Tuesday, February 17, 2015
Have you heard comments like these:
"My child will do just fine on the PARCC test."
"The concerns about PARCC are just about the technology."
"My child should be able to face challenges and this test is just one of them."
"My child will take the test - but knows it will not count."
Bigger Picture Alert:
Common Core State Standards are NOT just standards
the PARCC is not just like any other standardized test.
Pay attention to the instruction of your child.
Has instruction been distorted?
Saturday, January 24, 2015
The list will be updated from time to time.
Chris Tienken: PARKING the RHETORIC on PARCC
Pasi Sahlberg: Five U.S. Innovations that Helped Finland's Schools Improve but that American Reformers Now Ignore
Peter Greene: K Reading Instruction: Ignoring the Experts
Special thanks to Bruce baker for the genius title... "Cutting through the Stupid..."
Wednesday, January 7, 2015
All across NJ, teachers, parents, students, concerned citizens and children gathered in Trenton to testify at the NJDOE against the dangerous road our education policy is taking our families. All kinds of citizens are asking why?
- Why must our children be standardized?
- Why can't my child opt out of this test?
- Why are we teaching to the test?
Because, those in Trenton believe the PARCC is so great, it is worth teaching to the test.
Yet, look at Sidwell and Friends. The private school where Arnie Duncan's boss sends his kids. A presentation was held on November 17, at Sidwell where Tony Wagner "one of the nation's leading voices on innovations in education" was invited to speak. Tony Wagner is "an expert-in-residence at Harvard University's new Innovation Lab and author of the acclaimed 2012 book, Creating Innovators: The Making of Young People Who Will Change the World."
An excerpt from Tony Wagner's presentation below, reveals that it is unlikely that he, nor Sidwell Friends, nor the parents that send their children to this elite, private school lean toward a test-driven curriculum, though that is the favor of the NJDOE and other reformery DOEs:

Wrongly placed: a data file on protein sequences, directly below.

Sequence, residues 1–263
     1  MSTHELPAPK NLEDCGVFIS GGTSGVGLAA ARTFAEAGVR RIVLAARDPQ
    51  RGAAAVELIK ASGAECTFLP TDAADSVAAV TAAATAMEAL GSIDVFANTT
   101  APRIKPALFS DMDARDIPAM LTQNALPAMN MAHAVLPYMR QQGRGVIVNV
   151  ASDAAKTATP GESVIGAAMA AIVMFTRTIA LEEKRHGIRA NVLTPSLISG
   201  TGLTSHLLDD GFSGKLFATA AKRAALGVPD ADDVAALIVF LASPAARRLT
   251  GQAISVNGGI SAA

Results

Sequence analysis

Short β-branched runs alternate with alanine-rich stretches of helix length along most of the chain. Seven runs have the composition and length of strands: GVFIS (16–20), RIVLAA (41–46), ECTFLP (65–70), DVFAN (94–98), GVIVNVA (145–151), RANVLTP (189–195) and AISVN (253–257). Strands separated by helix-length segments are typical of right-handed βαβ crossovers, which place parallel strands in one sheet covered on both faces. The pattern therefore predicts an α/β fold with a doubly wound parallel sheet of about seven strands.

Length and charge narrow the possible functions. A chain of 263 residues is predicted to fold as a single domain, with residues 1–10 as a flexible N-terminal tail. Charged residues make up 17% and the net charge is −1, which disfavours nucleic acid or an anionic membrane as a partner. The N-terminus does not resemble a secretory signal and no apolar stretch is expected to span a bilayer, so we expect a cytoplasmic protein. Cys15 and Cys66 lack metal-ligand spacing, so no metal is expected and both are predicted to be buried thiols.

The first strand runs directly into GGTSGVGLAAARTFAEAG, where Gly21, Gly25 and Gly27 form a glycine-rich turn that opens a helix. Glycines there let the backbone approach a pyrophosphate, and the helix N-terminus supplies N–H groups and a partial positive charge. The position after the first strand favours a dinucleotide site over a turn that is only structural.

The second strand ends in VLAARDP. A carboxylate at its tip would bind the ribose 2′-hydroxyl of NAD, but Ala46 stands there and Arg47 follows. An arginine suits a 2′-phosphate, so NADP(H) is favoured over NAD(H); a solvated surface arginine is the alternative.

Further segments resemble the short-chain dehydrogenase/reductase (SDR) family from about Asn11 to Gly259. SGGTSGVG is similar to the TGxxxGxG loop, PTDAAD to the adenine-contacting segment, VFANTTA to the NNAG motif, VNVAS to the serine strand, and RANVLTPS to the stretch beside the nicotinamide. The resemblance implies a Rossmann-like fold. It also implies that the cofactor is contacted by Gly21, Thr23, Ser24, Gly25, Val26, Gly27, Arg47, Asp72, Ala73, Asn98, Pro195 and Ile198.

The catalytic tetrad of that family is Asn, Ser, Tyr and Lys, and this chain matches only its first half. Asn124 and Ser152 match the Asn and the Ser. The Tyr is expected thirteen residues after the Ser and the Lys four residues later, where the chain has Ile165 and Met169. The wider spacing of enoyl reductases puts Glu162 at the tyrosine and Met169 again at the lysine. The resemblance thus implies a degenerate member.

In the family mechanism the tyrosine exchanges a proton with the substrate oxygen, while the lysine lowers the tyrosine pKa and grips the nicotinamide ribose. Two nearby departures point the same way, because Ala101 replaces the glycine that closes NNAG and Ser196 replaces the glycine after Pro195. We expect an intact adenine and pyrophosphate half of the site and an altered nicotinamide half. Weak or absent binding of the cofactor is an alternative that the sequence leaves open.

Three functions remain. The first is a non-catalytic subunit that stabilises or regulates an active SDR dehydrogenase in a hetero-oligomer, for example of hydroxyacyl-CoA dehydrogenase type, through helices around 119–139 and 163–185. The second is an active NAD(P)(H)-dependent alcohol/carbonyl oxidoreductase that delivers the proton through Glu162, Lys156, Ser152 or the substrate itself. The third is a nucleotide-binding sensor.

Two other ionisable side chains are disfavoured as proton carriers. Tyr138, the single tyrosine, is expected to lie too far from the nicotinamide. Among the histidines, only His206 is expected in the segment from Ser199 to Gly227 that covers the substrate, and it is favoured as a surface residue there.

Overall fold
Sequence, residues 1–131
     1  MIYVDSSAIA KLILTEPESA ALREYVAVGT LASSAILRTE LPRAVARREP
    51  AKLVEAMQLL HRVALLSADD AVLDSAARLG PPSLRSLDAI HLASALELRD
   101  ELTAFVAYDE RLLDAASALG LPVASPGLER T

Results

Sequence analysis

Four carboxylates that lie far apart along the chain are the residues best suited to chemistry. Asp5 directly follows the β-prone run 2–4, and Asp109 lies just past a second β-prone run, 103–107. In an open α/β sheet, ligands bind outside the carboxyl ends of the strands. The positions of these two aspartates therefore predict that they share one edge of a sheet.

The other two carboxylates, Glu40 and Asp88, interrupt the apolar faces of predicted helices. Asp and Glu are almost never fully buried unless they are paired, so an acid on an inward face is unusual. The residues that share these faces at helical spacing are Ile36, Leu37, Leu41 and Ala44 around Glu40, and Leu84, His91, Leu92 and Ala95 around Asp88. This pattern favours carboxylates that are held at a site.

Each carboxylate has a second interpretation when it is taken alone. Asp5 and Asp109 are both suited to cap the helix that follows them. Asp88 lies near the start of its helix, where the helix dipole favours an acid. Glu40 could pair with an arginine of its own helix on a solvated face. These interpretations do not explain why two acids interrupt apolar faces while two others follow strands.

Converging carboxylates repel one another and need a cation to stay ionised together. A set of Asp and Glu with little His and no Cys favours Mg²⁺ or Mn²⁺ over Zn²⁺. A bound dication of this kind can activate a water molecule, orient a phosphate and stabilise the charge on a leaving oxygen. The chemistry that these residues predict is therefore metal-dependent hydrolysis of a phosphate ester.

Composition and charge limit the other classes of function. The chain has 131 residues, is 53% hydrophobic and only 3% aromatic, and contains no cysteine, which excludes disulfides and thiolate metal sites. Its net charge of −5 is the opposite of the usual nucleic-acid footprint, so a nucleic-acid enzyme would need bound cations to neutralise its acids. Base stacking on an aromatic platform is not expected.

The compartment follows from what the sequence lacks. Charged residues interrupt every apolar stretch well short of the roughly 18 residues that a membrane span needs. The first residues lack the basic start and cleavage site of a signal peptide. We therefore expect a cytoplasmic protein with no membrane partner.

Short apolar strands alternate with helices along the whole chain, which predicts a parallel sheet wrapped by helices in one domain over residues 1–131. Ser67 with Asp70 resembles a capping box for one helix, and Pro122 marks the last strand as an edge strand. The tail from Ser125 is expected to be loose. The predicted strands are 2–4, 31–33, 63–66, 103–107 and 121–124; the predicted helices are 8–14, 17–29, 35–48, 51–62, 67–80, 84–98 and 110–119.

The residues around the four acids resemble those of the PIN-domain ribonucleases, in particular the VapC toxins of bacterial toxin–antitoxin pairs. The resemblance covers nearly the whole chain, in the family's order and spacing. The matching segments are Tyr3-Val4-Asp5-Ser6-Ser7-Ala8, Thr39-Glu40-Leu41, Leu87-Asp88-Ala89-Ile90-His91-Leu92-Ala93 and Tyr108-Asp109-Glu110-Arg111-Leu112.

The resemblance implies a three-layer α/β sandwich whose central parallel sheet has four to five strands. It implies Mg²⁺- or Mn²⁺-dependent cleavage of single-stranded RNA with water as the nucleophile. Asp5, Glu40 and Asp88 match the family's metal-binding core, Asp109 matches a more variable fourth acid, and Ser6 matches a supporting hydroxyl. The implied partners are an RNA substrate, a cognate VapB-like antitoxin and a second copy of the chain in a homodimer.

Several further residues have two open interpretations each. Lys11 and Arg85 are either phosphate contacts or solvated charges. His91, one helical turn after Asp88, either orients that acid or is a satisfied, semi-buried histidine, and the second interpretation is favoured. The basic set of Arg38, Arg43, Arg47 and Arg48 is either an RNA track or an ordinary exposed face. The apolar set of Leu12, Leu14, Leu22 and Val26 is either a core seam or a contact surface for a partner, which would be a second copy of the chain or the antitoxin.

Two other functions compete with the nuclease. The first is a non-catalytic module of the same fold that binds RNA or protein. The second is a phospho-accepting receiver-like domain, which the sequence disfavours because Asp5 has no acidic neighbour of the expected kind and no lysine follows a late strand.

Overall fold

"Education that creates innovators also avoids falling into the trap of “test prep curriculum,” which is what most of America’s students are taught today, he claims. Schools have only to look to colleges, an impressive 750 of which are making their entrance requirements “test optional,” including the venerable SAT." (emphasis mine)
Also look to the perspective of Yong Zhao, professor of education at the University of Oregon, an authority on Chinese and American education and the author of “Who’s Afraid of the Big Bad Dragon: Why China Has the Best (and Worst) Education System in the World:
Duncan stated that matters of standardized testing were "sucking the oxygen out of the room in a lot of schools," yet state DOEs drive full steam ahead!
How can parents, educators and American students avoid "falling into a trap" when the DOE is mandating a test prep curriculum across the country?
What about those parents, their children and educators who voice the same concern, but seem to be repeatedly ignored as the testing regime continues?
Activate thought bubbles:
Kinda' feels like the private schools know something that public schools know, too.
Kinda' feels like policy-maker-parents and legislator-parents know something that public-school-parents know, as well.
Kinda' makes one wonder that even though NJ's public is testifying, will policy maker$ and legi$lators continue to turn a deaf ear?
If students in private schools (i.e. children of legislators and education reformers) can be protected from being involved in the Common Core State Standards and the accompanying high-stakes test, why must public school students be mandated to do the opposite?
Private schools are preparing their students (many of whom are children of policy makers) to be creative for the competitive global economy. And, while there is nothing against sending ones child to a private school, how can one contend that the reverse is best for public school students?
Making rules for other people's children,
while not applying the same rules for ones own children…
…for lack of a better term, does this seem a bit icky?
Or, in other words - as John Dewey stated over a century ago:
“What the best and wisest parent wants for his child, that must we want for all the children of the community. Anything less is unlovely, and left unchecked, destroys our democracy.”